Factor

EU challenges UK to race to the top on plastics reduction

30 May 2018 | Mitigation

Brussels has challenged the UK’s environment secretary, Michael Gove, to try to outdo it in an environmental “race to the top” as it proposed a ban on plastic straws, cutlery, plates, cotton buds and balloon sticks.

Frans Timmermans, the European commission’s first vice-president, directly addressed Gove, a fervent Brexiter, as he unveiled details of the planned prohibition, along with measures designed to reduce the use of plastic takeaway containers and drinking cups.

Timmermans told reporters: “Worldwide this is the most ambitious and comprehensive legal proposal addressing marine litter. We can lead the way. We have to lead the way for our environment, for our health, but also to turn this into a competitive advantage for Europe.

“What I hope for after today is a race to the top, and I invite all those who said the EU is too slow – whether they are Michael Gove or others – to join us in this race to the top. Lets see who does best at this.”

On Monday Timmermans published draft legislation that he hopes will be agreed by the member states and European parliament by the time of the European elections next May.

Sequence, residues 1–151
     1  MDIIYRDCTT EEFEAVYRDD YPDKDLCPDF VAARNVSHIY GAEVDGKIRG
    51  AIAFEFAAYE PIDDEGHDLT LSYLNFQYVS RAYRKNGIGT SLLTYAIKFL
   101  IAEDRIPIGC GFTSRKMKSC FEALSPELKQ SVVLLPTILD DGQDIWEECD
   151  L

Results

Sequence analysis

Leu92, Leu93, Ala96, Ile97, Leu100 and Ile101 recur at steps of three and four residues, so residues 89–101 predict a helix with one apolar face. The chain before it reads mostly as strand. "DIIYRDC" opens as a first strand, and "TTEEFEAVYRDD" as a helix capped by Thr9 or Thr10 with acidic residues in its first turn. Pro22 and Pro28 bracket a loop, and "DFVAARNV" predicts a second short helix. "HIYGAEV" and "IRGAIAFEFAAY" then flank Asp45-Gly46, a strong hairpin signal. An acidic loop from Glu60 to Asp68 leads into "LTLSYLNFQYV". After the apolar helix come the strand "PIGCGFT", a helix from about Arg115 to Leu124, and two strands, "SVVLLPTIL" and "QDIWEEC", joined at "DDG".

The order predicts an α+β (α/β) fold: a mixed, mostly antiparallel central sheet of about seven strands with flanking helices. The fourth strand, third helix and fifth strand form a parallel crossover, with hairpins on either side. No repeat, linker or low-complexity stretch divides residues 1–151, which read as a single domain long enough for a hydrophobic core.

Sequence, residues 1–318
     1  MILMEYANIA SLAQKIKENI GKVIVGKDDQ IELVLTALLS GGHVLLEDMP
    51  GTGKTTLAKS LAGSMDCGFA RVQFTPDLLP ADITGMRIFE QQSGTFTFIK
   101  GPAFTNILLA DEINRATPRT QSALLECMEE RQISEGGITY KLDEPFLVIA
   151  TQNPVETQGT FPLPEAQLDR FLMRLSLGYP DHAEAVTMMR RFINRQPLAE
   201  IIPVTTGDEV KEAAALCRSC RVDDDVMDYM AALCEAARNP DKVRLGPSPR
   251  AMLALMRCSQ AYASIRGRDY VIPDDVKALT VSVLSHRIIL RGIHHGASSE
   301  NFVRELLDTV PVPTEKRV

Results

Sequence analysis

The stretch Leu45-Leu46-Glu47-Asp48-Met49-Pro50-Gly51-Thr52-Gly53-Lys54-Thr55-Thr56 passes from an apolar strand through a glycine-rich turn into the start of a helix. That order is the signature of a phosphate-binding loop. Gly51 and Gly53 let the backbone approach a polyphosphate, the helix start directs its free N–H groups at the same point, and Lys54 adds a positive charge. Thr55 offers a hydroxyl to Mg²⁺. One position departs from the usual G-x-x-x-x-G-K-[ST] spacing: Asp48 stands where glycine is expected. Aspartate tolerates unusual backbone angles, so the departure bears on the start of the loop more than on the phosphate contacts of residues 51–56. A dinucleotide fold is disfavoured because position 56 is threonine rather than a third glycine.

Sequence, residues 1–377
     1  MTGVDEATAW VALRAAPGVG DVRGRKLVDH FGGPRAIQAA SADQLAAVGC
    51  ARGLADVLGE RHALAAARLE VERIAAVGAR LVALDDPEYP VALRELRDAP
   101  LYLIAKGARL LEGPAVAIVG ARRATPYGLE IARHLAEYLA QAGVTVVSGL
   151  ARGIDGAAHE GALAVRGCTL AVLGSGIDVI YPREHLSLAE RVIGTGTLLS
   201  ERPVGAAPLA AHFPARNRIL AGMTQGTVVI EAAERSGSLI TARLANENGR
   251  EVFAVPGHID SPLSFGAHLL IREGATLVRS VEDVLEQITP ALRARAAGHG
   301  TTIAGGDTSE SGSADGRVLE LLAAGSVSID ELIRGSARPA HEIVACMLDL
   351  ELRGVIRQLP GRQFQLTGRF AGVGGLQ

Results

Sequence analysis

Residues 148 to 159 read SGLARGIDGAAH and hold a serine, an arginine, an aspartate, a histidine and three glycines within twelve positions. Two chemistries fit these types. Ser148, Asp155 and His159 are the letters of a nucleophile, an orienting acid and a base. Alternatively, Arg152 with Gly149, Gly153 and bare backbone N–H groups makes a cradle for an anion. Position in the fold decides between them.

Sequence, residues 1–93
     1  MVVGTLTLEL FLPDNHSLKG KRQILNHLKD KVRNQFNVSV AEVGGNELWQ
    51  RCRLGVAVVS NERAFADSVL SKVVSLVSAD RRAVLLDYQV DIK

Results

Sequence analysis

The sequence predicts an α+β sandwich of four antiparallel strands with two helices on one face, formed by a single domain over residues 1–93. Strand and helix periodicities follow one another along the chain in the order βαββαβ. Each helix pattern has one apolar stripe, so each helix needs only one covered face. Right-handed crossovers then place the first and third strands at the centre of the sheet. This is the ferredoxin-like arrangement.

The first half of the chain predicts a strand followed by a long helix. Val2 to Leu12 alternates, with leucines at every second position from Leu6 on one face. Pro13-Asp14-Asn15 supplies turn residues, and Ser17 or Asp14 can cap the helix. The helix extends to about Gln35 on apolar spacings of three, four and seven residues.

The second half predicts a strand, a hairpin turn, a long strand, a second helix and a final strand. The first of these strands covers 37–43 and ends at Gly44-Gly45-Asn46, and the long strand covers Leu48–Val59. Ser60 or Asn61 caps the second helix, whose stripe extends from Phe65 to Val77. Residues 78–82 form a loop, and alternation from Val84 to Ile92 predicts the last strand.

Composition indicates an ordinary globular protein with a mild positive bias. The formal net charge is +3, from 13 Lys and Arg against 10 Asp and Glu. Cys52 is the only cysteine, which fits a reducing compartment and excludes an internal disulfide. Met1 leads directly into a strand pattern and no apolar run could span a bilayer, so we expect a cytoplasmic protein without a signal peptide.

The plastics ban will not come into force until after Brexit, meaning it will not be among the bulk of legislation to be automatically transposed into UK law.

The UK still remains ahead of the game at least in banning plastic microbeads from cosmetics and personal care products, something Timmermans admitted the EU should urgently address.

It can take as long as two years for EU directives to be transposed into national laws once they have been agreed and officially published.

As well as banning a number of popular single-use plastic products, the EU wants to reduce the use of other others where there are as yet no readily available alternatives. Producers of takeaway containers, plastic drinking bottles and cups will be forced to contribute to cleaning up their collection and waste treatment.

There will be new labelling requirements to inform consumers about the environmental impact of wet wipes and how to dispose of them properly. The EU is holding open the possibility of a plastics tax linked to each producer’s record on encouraging recycling.

 

 

Source. The Guardian